Saturday 25 January 2020

Ryan refuses to buckle as Zebre get ready to enter lions’ den

Ex-Munster prop bullish about chances of ending 11-match losing run at RDS as he chases Test honours on three fronts

Conor George

LEINSTER'S daunting RDS citadel isn't the place to be travelling to when you're desperately seeking your first win of the season.

This is especially the case when the defending European champions are a week out from renewing hostilities with Clermont Auvergne in Heineken Cup pool-deciding back-to-back fixtures.

Leinster's matches with Clermont in the last two seasons have defined them. They each claimed scalps in the pool fixtures in 2010-11, with Leinster earning the bragging rights in their quarter-final clash last season, winning 19-15 in France.

With so much at stake, it's a fair assumption that Leinster's mood will be uncompromising on Saturday night. That does not augur well for Zebre. As the whipping boys of the Celtic League, their record stands at nine played and nine lost.

They are also without a win in the Heineken Cup, with losses to Connacht and Biarritz. It won't get any easier in Europe, with back-to-back games against Harlequins.

Such a run of poor results would have some opting for a 'duvet day' on Saturday. Leinster, despite their shocking performance last weekend, aren't known for their charity. Joe Schmidt will be integrating his returning internationals this weekend. It has the potential to become very ugly for Zebre.


Dave Ryan, Zebre's tighthead this weekend, has never been one to dwell on the negatives.

Take Zebre's loss last weekend. The Italians were very much on top in the first half against Cardiff but the concession of three soft penalties resulted in a seven-point loss.

They had Munster on the ropes in the first half in Thomond Park but imploded in the last 20 minutes. Similarly against Llanelli, they were winning with five minutes to go and yet somehow lost. Astonishingly they outscored Ulster by four tries to two and still lost the game.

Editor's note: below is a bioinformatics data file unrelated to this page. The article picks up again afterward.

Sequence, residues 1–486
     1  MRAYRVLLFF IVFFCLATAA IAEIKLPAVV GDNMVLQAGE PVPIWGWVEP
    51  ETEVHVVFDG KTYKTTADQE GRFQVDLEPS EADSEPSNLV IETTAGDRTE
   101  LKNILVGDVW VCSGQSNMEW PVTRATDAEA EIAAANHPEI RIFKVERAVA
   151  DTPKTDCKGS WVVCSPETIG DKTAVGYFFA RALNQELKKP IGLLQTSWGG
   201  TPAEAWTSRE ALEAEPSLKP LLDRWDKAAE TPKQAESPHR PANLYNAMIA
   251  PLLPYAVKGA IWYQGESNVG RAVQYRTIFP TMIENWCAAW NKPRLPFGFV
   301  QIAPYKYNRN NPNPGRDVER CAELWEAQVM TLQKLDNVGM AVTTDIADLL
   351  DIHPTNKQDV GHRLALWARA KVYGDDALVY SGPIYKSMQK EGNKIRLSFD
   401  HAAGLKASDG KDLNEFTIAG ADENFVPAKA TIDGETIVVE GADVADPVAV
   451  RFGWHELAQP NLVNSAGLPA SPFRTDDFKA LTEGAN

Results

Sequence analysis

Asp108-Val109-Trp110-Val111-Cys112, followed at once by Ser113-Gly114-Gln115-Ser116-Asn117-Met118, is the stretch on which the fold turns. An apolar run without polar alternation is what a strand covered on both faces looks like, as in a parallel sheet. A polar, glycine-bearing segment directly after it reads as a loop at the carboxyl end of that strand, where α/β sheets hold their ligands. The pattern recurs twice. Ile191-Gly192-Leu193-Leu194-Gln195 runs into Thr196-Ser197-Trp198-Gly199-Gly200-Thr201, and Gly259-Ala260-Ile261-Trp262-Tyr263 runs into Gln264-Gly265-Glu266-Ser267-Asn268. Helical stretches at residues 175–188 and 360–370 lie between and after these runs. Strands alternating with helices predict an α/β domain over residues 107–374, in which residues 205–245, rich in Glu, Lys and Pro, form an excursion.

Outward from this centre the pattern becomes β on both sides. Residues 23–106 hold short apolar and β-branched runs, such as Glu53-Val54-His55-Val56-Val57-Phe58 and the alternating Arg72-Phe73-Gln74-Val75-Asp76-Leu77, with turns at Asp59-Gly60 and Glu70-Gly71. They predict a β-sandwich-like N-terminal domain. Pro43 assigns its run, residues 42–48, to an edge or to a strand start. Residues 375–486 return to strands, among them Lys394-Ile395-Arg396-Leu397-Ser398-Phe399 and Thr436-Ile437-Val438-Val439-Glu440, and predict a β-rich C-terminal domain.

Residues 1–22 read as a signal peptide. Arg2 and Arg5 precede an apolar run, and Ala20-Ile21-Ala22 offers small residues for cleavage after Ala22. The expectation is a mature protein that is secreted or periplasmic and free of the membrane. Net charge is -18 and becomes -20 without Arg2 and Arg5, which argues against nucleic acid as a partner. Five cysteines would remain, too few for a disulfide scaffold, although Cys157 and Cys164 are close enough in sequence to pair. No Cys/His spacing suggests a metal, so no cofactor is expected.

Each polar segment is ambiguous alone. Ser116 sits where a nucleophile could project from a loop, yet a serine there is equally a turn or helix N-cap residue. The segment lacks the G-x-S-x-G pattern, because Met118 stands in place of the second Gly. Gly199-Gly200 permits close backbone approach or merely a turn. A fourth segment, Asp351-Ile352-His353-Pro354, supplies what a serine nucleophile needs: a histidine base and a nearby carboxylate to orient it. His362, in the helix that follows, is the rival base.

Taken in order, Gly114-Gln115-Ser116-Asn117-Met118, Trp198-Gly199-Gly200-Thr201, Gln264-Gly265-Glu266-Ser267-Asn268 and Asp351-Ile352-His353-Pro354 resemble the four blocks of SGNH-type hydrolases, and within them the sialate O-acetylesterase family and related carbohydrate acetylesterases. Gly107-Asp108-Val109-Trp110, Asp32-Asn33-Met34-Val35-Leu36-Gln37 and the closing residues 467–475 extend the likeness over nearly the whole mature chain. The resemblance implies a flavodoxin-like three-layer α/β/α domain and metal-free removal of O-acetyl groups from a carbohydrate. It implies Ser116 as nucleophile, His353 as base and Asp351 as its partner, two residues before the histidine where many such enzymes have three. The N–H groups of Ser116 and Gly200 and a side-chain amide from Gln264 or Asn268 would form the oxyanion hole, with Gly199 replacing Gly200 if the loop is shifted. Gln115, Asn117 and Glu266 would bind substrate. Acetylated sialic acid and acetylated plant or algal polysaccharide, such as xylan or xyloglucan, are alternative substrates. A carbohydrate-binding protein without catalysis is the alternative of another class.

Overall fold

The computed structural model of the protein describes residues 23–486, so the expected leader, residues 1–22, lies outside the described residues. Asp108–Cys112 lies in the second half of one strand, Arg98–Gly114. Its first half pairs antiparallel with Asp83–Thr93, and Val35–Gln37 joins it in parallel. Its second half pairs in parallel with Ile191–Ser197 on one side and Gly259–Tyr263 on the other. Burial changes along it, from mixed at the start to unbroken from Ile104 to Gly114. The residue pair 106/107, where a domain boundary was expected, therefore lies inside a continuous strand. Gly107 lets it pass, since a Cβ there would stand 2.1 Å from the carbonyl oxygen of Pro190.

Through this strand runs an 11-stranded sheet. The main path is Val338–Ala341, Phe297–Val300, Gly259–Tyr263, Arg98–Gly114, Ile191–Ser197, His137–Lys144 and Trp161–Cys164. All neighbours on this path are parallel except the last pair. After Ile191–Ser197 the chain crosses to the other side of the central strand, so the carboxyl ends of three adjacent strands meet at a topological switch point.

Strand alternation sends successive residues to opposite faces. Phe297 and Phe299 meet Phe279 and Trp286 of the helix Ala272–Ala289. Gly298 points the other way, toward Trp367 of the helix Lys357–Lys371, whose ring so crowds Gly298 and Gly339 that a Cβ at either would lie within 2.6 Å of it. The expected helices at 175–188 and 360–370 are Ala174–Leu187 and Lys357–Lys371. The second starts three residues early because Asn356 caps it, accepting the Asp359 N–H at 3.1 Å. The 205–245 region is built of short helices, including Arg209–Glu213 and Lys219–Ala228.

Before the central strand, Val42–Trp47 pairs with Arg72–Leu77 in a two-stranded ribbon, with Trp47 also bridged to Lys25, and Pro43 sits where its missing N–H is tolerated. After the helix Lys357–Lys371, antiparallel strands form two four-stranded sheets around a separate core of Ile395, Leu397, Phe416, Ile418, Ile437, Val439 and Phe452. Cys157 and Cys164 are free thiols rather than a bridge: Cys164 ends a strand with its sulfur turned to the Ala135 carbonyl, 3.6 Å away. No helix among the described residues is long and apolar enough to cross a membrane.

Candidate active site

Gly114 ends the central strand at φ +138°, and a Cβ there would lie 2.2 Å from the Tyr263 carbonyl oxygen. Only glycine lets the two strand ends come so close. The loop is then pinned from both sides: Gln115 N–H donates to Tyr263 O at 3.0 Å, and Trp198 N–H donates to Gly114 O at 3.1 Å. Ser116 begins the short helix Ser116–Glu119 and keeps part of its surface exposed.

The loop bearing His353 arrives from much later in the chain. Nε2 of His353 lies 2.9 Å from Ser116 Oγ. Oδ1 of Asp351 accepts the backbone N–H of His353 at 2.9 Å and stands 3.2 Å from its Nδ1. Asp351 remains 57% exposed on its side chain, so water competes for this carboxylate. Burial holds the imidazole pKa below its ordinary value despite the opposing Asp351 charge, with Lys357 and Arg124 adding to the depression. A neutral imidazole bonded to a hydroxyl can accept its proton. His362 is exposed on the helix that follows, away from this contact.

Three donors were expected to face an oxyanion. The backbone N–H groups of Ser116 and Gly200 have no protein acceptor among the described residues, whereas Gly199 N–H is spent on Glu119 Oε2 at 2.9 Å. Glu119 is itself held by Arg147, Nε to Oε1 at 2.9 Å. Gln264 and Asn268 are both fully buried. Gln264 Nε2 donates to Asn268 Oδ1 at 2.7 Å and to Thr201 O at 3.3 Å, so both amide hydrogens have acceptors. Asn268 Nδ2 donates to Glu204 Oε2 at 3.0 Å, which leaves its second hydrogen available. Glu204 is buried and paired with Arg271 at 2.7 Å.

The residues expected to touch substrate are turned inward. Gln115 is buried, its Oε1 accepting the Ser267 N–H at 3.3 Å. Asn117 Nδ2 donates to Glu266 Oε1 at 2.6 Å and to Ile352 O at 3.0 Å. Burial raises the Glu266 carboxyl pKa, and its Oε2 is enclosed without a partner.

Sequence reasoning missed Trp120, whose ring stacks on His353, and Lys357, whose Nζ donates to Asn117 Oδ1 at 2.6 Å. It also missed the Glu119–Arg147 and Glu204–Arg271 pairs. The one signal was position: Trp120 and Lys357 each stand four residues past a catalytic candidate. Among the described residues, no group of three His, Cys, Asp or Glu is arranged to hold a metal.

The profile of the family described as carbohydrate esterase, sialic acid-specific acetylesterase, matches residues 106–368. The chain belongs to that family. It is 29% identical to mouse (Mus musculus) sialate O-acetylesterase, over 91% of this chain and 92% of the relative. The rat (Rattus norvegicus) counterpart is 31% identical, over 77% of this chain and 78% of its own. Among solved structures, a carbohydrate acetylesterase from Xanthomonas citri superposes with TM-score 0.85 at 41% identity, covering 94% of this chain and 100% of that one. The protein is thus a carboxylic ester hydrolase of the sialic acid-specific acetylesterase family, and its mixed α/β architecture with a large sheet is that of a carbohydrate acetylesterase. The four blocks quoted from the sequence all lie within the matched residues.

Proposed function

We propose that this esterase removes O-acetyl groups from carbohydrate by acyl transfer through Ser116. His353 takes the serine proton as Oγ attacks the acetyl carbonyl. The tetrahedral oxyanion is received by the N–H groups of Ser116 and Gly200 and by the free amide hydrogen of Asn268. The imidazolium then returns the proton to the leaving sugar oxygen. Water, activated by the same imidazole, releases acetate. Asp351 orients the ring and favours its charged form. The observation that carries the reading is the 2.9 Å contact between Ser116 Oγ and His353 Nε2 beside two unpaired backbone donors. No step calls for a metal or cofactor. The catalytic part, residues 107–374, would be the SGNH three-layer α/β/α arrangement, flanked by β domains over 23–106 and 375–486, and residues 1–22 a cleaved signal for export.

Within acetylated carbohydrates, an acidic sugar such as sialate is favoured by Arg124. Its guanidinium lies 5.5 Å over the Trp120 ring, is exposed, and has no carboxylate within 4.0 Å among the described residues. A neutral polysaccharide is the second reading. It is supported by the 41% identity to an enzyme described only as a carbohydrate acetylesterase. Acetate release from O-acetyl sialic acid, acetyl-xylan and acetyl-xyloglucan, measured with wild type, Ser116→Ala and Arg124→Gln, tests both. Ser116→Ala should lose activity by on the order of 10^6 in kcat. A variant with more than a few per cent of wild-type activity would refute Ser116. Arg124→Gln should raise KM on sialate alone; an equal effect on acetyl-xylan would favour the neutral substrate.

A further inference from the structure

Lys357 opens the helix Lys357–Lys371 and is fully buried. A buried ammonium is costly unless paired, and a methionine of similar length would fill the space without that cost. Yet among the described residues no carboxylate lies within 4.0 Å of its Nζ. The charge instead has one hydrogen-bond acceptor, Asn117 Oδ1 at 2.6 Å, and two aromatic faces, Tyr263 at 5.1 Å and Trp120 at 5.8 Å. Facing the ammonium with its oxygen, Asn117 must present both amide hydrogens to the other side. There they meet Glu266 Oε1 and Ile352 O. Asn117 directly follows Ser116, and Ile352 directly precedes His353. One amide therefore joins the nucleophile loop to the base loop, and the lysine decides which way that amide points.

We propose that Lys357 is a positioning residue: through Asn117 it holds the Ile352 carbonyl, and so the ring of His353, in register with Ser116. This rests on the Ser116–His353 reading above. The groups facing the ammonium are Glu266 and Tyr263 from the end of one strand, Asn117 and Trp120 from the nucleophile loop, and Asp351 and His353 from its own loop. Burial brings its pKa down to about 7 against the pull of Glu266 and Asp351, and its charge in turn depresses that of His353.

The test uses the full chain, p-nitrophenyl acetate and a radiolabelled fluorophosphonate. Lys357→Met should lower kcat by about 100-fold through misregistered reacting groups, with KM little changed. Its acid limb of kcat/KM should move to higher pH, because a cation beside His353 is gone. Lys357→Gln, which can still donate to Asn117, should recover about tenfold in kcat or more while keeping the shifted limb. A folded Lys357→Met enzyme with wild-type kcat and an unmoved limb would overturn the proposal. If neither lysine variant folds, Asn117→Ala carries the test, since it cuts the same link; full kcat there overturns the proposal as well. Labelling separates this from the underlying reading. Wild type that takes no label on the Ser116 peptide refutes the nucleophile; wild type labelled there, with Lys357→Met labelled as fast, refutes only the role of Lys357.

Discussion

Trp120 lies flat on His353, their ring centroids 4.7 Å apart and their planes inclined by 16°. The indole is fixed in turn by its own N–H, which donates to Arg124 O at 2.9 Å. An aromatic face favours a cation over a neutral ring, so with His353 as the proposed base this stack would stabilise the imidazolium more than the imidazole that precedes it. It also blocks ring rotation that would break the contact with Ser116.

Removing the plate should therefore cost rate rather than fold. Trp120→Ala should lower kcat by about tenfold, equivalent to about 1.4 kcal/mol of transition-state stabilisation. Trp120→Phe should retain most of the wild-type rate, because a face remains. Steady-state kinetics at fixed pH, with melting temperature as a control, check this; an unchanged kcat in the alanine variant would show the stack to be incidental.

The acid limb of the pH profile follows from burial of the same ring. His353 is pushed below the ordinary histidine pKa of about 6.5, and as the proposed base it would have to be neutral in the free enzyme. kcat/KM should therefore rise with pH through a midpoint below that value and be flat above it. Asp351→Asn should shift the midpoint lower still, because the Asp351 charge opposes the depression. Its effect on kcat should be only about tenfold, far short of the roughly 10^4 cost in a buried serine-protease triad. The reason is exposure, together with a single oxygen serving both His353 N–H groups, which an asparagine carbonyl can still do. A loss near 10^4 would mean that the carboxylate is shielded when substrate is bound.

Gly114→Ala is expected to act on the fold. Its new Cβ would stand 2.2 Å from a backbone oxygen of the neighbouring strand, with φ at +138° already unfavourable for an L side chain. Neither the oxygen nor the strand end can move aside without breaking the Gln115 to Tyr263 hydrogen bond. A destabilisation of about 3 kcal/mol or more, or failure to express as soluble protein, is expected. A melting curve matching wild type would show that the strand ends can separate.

"It's the little things that are really hurting us," insisted Ryan this week. "For example, at home against Connacht we turned the ball over 23 times. It was 25 turnovers against Cardiff. If we halved those numbers it'd still not be good enough, but they would have been different games.

"Composure, or our lack of it, and inexperience are catching us more than anything else. We are also not getting any luck. The problem is that when you are stuck in the middle of a

run of losses it's very hard to get out of it. Playing Leinster at home isn't the ideal fixture to be trying to reverse a run of disappointing results, but it is what we make of it."

Ryan's positive attitude is absolutely in keeping with the former Munster player's proactive approach to his professional career. After a positive start to his senior career – he made his debut with Munster in the final game of the 2008-09 season – injuries took their toll, and his last two years in Ireland were spent, more or less, in rehab. And at the end of the 2010-11 season there was nothing on the table from Munster.